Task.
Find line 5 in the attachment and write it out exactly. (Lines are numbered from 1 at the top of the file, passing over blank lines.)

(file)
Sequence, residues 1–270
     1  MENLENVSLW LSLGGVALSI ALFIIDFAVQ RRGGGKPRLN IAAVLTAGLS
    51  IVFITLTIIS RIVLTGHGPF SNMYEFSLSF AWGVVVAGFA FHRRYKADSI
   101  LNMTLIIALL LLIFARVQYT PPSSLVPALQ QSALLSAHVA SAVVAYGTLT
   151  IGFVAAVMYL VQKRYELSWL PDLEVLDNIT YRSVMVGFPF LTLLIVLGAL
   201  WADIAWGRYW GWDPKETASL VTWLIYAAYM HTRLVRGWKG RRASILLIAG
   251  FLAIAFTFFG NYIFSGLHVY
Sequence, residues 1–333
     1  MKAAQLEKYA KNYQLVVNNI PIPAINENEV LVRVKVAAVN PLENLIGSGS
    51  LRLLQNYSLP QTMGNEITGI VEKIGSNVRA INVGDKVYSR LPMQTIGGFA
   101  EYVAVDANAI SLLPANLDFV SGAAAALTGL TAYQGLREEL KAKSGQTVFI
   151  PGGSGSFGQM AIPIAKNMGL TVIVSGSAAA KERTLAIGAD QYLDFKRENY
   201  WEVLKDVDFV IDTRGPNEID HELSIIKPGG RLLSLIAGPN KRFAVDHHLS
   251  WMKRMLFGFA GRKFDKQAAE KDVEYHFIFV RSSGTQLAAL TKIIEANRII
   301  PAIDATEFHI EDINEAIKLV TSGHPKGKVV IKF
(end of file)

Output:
   151  IGFVAAVMYL VQKRYELSWL PDLEVLDNIT YRSVMVGFPF LTLLIVLGAL